Digital technologies are transforming agriculture industry, making farm’s field operations more insight-driven and efficient. Agriculture is moving out of its traditional limits with global population growth, changes in markets demands and climate change.
Experts believe that in current situation local know-how is not enough in many cases and farmers need to find solutions and adapt to changing conditions by themselves. It means to be more efficient and productive, make decisions based on big data and predictive analytics. Time of intuition and personal experience is gone.
Modern growers need to make hundreds of decisions, including variety selection, weather control, planting dates, water requirement, disease management etc. But how we can automate all of these processes, taking into account that plants may grow under totally different conditions in European and American farms?
The answer to this question is the use of data-driven decisions, taking all the variable factors into consideration and doing it in real time. This can be done with machine algorithms backed by artificial intelligence. We all know that a shift of agriculture industry towards AI is inevitable but first of all huge amount of data must be collected and analysed. Statistical modelling will help to predict future events on a farm or in the field. By analysing historical weather, soil, fertilizer, and water data, farmers are getting and using powerful tools for making right decisions, which will increase their productivity and profitability.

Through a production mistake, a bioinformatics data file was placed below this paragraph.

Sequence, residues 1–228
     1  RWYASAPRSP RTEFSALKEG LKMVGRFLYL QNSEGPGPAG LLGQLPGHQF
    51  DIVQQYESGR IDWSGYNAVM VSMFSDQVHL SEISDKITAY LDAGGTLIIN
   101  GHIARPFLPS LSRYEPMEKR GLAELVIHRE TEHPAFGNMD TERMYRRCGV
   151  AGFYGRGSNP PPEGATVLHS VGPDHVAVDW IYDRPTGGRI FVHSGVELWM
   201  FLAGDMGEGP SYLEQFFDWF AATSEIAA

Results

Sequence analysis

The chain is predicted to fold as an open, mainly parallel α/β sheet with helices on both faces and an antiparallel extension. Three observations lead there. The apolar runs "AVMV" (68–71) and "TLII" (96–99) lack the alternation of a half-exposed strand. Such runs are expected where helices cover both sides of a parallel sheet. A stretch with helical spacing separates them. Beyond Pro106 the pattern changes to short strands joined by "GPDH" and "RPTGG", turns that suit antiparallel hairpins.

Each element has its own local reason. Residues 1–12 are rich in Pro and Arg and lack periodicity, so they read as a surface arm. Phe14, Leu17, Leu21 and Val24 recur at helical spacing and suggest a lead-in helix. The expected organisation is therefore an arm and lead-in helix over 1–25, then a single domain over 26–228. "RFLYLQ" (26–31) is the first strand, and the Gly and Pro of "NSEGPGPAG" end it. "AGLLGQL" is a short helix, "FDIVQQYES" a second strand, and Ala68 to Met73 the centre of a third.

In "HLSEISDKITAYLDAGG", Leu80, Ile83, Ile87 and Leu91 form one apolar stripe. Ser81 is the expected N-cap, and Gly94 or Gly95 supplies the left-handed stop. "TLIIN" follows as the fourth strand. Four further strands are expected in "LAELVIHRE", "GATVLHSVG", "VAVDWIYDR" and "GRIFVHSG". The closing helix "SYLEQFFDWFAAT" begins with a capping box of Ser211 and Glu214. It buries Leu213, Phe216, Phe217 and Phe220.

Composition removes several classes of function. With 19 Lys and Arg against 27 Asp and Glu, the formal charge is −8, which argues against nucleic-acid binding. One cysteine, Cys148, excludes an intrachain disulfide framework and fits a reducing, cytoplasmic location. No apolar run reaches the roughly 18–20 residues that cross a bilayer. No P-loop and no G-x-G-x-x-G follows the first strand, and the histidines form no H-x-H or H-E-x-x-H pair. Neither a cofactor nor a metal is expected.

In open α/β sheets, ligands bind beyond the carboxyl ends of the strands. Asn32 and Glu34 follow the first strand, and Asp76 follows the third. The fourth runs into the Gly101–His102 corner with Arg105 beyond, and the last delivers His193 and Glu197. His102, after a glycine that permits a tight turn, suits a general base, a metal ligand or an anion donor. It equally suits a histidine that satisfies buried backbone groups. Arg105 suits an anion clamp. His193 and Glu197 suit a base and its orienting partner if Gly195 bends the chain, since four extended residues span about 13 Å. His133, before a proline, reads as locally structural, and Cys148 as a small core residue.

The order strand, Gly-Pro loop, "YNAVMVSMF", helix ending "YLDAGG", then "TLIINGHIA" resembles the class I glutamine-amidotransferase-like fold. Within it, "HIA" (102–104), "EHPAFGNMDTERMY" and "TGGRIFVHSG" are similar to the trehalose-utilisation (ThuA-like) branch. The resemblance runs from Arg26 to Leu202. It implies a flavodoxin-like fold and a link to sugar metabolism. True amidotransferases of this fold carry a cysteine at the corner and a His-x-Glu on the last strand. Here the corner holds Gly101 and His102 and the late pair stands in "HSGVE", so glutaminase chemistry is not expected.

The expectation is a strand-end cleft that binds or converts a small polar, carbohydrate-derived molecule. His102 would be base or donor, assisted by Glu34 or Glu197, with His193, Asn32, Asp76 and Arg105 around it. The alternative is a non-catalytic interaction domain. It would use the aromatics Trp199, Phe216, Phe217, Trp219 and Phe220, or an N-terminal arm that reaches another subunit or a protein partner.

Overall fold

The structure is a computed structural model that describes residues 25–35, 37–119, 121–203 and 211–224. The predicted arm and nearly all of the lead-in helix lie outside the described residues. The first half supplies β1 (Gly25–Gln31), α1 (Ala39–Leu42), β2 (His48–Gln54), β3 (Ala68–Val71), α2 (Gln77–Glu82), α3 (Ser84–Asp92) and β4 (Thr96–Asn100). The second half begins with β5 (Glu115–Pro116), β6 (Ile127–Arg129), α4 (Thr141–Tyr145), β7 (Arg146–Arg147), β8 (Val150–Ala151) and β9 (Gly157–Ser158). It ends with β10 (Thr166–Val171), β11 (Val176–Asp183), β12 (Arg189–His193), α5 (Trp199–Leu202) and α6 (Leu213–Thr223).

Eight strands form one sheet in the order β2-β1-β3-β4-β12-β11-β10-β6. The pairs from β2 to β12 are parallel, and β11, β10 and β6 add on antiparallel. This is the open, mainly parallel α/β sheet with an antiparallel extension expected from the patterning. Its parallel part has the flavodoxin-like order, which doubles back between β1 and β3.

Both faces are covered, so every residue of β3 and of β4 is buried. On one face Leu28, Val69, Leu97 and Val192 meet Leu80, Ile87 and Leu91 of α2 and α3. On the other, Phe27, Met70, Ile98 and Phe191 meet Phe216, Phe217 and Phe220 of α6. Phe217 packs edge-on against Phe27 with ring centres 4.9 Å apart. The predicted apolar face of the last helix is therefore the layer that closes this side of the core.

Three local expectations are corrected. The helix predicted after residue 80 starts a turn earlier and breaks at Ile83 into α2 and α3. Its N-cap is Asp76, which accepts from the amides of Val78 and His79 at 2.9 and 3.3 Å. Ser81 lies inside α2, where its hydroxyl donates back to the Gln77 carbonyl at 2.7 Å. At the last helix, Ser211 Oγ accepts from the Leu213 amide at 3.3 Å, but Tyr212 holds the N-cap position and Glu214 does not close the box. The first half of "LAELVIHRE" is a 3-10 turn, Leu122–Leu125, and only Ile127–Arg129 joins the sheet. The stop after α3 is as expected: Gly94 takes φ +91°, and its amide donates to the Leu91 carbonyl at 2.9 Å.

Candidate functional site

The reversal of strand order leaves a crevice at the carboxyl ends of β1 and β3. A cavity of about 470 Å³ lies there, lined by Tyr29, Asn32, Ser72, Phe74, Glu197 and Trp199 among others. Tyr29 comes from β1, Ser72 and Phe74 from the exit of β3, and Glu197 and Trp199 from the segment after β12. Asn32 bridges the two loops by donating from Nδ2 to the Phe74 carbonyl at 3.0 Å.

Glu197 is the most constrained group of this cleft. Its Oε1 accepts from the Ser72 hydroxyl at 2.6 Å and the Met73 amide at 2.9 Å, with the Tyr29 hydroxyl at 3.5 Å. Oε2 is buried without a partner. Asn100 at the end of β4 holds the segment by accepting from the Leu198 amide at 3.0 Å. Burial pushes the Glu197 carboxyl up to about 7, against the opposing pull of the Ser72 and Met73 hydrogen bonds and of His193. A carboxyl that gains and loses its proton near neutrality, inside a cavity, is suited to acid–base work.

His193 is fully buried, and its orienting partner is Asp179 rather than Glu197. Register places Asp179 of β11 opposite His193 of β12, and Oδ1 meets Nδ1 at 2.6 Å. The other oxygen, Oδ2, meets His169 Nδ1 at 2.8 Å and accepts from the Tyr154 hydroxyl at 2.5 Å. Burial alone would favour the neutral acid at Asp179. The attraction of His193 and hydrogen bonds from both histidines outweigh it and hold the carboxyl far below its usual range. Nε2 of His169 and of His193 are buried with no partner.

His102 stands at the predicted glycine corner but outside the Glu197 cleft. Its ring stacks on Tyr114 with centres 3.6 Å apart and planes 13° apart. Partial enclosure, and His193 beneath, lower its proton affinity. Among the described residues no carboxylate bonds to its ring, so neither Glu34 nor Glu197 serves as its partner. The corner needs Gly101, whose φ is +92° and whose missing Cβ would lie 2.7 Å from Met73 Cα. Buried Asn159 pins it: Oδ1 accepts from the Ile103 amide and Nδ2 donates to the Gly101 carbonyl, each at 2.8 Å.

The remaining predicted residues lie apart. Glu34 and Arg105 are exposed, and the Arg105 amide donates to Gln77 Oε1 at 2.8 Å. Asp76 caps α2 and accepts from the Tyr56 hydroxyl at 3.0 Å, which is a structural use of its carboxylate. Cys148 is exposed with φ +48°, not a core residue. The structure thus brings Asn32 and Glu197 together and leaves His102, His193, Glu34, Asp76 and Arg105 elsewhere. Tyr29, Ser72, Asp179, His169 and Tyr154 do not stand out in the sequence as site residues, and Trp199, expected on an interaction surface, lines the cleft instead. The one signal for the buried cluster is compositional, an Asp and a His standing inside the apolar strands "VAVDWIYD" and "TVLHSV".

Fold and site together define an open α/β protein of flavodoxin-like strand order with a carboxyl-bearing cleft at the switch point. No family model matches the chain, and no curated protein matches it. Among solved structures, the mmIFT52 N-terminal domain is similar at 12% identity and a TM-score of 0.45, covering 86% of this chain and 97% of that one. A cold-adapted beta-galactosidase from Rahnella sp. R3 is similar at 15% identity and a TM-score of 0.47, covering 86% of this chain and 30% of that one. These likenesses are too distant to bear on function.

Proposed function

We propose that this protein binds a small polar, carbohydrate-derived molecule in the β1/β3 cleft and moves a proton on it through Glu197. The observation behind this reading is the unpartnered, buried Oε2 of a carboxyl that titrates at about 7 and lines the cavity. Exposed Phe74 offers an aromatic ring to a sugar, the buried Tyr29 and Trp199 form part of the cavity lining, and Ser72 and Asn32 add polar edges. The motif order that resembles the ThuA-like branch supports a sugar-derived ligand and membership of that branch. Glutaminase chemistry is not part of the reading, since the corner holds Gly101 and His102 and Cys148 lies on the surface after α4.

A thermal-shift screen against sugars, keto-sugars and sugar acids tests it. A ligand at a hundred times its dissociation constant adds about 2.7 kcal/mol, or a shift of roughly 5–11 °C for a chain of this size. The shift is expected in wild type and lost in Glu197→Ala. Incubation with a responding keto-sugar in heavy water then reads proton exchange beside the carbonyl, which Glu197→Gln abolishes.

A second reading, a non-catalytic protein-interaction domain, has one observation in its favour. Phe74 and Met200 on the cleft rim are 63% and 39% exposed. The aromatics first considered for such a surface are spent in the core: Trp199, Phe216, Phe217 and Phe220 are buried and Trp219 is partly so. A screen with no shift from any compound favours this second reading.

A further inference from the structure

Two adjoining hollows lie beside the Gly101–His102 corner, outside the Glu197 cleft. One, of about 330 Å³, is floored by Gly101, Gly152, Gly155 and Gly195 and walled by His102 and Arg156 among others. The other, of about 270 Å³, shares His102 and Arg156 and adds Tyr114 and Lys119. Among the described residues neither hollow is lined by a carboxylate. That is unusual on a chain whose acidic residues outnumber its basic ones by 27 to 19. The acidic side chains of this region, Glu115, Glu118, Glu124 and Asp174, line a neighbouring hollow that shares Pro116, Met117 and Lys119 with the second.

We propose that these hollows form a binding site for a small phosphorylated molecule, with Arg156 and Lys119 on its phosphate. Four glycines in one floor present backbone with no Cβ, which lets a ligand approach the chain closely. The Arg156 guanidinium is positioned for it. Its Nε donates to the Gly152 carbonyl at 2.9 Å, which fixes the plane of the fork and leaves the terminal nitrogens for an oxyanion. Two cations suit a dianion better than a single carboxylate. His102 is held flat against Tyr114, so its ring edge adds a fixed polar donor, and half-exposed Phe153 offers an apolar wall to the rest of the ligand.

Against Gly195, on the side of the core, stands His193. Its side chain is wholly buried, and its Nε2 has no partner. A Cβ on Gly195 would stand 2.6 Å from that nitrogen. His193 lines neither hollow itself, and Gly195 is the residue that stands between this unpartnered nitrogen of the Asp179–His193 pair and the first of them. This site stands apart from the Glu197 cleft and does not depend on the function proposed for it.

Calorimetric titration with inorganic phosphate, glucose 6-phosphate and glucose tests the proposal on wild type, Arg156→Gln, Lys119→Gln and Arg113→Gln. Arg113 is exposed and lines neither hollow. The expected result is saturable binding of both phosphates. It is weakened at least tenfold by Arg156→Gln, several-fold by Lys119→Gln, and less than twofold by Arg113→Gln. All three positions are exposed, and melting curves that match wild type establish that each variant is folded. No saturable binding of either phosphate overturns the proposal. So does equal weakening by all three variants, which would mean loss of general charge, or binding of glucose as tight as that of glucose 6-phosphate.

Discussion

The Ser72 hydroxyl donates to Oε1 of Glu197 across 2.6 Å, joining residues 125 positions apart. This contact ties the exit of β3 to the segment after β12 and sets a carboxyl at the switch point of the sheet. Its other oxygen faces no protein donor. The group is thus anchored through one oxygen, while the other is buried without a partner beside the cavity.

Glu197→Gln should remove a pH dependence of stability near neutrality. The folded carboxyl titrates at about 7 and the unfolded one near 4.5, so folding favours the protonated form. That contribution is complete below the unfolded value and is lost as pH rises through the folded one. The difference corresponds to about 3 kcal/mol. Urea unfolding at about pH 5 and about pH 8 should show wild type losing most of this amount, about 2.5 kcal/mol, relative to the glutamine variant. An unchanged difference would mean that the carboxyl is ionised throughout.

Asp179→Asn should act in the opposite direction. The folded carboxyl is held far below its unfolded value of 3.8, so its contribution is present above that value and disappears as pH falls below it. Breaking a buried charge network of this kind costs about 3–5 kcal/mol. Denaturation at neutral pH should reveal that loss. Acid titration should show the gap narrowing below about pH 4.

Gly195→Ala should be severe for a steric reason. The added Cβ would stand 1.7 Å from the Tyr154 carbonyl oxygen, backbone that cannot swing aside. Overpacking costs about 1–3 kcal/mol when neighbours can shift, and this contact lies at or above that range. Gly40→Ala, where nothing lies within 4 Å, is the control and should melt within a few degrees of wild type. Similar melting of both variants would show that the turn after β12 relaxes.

Basically, right now farmers need to understand how to collect data, interpret it and validate it. Many startup companies are developing decision support tools, but many of them are still struggling with data collection, because of a lack of specific technological infrastructure for data collection. In farming industry, specific data collection technologies are being developed – spatial data, drones, soil, water and plant sensors, image recognition etc.
These technologies can collect a large amount of data that can be further analyzed and used for better decision making. For example, a farmer can detect a disease before it spreads in the field, identify water or fertilizer problems and many more. At the same time, current technological advancements have some limitations, such as a limit to the number of parameters that can be measured and the extent to which the data represents the whole field is still undetermined.
For example, a grid of sensors, installed on a relatively small number of plants can’t provide data that represents the entire field. Or, during a process of optimising crop nutrition, dozens and even hundreds of parameters should be considered, while the current technology allows measuring just two or three parameters, such nitrogen level or NDVI.
Another challenge is an interpretation of farming data. Machine learning is actively trying to solve this problem but new models and algorithms must be developed to make the data more useful. The near future will show how agriculture revolution will continue and at what pace but one thing is known sure – adaption and validation processes are going to be lengthy.
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